In July, the Bank of Korea cut its benchmark interest rate by a quarter point to 3%, the first cut in three years. “Considering exports account for about half of our economy, how can we stay immune to changes in the international landscape and the European crisis?” Kim asked. It is also exposed to foreign money flows and high rates would drive up its currency. The Fair Trade Commission is investigating whether the country’s banks are keeping interest rates on CDs at artificially high levels, causing high mortgage rates.
Ajith Nivard Cabraal
Sri Lanka’s economy is humming along, but inflation is approaching double digits. The country’s GDP rose 8.3% in 2011 and is on track to grow about 7.2% this year. The central bank unexpectedly raised interest rates in February for the first time in five years. The Sri Lankan rupee has fallen sharply, contributing to higher inflation. In a further effort to restrain credit growth, Cabraal has asked the country’s banks to moderate their extension of credit. A drought has contributed to higher food prices, and power cuts were widespread in August after the country’s main generating plant broke down.
Sharp declines in Taiwanese exports have slowed GDP growth from its 4.3% advance in 2011. The central bank has kept its discount rate unchanged at 1.9% to promote growth, while working to keep property prices from rising too quickly. In June the central bank issued a decree saying that mortgage loans in Taipei may not exceed 60% of property value. Meanwhile, Taiwan is negotiating with China to establish direct clearing of the New Taiwan dollar with the renminbi, which would enable the island nation to become an offshore renminbi center.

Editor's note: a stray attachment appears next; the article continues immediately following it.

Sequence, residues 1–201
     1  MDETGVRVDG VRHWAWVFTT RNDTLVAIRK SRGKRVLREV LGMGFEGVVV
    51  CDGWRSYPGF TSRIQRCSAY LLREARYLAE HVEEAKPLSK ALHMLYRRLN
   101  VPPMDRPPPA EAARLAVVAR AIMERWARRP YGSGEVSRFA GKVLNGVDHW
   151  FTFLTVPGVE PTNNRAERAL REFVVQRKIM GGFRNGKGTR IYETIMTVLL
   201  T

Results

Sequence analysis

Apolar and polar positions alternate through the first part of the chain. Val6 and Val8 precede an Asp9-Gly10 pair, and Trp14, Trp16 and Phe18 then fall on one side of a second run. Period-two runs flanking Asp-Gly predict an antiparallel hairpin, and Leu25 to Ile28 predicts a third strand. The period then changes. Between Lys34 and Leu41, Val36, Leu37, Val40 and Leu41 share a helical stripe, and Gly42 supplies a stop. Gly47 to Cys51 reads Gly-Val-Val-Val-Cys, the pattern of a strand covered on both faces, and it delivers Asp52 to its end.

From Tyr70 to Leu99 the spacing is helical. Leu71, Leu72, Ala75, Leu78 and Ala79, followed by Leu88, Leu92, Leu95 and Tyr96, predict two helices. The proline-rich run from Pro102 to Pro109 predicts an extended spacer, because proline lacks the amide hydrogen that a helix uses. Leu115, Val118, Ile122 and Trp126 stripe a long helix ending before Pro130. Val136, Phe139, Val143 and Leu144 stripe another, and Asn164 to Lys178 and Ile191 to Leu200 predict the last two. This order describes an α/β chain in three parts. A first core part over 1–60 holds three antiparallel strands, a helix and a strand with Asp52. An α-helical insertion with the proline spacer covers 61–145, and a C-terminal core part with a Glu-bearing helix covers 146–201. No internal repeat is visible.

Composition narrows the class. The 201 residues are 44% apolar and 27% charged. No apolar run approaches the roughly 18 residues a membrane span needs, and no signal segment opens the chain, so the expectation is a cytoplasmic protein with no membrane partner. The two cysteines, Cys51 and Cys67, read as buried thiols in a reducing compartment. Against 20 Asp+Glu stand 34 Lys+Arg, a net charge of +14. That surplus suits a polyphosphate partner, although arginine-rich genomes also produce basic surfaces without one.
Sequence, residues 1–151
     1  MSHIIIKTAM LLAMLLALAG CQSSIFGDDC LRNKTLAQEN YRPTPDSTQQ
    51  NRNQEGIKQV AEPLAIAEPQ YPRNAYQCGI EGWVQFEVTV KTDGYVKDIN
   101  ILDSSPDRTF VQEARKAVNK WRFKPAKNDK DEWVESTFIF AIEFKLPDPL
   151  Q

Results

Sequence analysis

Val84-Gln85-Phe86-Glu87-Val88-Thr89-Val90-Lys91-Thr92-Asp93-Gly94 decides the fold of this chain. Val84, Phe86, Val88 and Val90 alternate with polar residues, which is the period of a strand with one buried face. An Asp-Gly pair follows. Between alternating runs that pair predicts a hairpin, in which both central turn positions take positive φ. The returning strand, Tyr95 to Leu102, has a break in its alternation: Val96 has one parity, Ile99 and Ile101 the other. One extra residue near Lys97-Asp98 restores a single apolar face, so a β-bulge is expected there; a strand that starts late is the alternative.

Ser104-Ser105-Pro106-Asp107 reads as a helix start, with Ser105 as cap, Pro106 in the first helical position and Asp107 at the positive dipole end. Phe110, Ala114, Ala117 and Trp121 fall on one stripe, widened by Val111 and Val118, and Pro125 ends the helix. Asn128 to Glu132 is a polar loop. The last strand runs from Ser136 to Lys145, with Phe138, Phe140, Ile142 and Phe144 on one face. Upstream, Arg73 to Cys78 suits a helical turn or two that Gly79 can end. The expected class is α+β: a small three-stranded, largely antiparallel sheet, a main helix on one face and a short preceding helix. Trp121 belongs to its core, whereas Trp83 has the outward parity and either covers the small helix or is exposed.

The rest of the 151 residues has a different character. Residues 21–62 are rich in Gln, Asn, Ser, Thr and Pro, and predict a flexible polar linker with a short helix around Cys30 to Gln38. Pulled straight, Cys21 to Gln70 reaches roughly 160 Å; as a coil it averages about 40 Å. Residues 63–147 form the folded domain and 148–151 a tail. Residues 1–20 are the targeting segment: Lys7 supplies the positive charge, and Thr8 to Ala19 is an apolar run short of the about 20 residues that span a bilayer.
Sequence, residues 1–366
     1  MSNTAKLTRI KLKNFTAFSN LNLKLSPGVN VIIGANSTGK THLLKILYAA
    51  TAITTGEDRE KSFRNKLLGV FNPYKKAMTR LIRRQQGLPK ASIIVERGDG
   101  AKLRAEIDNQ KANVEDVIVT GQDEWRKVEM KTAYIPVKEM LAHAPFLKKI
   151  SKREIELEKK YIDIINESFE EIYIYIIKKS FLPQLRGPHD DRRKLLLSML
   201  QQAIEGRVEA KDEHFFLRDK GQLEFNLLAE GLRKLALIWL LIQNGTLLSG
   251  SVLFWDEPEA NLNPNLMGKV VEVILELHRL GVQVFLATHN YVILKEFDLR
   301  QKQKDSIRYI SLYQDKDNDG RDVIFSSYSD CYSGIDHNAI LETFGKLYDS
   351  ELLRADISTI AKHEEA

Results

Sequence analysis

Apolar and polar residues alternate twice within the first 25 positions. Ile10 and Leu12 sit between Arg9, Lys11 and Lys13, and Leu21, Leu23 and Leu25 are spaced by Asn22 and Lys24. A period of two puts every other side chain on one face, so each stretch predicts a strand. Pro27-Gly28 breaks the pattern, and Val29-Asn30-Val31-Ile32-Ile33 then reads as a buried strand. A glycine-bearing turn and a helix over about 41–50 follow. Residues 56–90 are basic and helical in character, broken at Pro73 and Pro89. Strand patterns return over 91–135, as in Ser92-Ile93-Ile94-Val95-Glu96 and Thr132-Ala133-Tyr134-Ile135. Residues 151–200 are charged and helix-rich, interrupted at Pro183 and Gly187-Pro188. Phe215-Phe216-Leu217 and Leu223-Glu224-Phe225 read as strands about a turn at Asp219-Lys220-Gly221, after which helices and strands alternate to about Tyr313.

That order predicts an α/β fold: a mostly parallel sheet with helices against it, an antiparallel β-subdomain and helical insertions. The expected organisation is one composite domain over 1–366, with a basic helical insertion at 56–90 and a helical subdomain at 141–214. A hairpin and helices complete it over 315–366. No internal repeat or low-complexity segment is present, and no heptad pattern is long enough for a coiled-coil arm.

Thailand’s economy has recovered steadily from last year’s floods that disrupted global supply chains. The central bank kept its overnight repurchase rate unchanged at 3% in July. It said the economy was growing close to potential, supported by low interest rates, strong credit growth and government stimulus. Real GDP is expected to advance at a 5.7% rate this year, and the Bank of Thailand has made it clear that it stands ready to cut rates if the European debt crisis worsens. For the time being, economic fundamentals are strong and the financial system is stable, Prasarn says.
Nguyen Van Binh
The State Bank of Vietnam lowered its overnight lending rate for the fifth time this year in July, as inflation subsided amid signs of slowing economic growth. The overnight rate remained at a relatively high 11%, however. The central bank repeatedly raised rates last year. The country’s inflation rate peaked at 23% in August 2011, and has since fallen below 7%. Deposit rates are limited, while lending rates are self-determined by commercial banks. Some banks are offering illegally high deposit rates amid a credit crunch. GDP growth slowed to 4.4% in the first half of this year from 5.8% in 2011.